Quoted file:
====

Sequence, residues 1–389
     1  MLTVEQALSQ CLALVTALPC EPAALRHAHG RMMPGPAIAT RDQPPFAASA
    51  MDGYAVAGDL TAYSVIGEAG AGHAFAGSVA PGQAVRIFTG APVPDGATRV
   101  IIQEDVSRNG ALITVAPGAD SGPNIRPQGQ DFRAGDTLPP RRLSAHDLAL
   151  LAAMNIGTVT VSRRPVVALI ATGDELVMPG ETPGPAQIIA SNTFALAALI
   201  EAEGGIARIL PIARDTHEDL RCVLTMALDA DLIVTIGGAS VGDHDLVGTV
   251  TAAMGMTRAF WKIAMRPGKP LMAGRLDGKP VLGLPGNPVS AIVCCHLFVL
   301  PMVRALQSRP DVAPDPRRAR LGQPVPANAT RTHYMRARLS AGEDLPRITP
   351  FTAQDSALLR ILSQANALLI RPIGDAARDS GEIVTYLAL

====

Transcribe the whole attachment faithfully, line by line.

Sequence, residues 1–389
     1  MLTVEQALSQ CLALVTALPC EPAALRHAHG RMMPGPAIAT RDQPPFAASA
    51  MDGYAVAGDL TAYSVIGEAG AGHAFAGSVA PGQAVRIFTG APVPDGATRV
   101  IIQEDVSRNG ALITVAPGAD SGPNIRPQGQ DFRAGDTLPP RRLSAHDLAL
   151  LAAMNIGTVT VSRRPVVALI ATGDELVMPG ETPGPAQIIA SNTFALAALI
   201  EAEGGIARIL PIARDTHEDL RCVLTMALDA DLIVTIGGAS VGDHDLVGTV
   251  TAAMGMTRAF WKIAMRPGKP LMAGRLDGKP VLGLPGNPVS AIVCCHLFVL
   301  PMVRALQSRP DVAPDPRRAR LGQPVPANAT RTHYMRARLS AGEDLPRITP
   351  FTAQDSALLR ILSQANALLI RPIGDAARDS GEIVTYLAL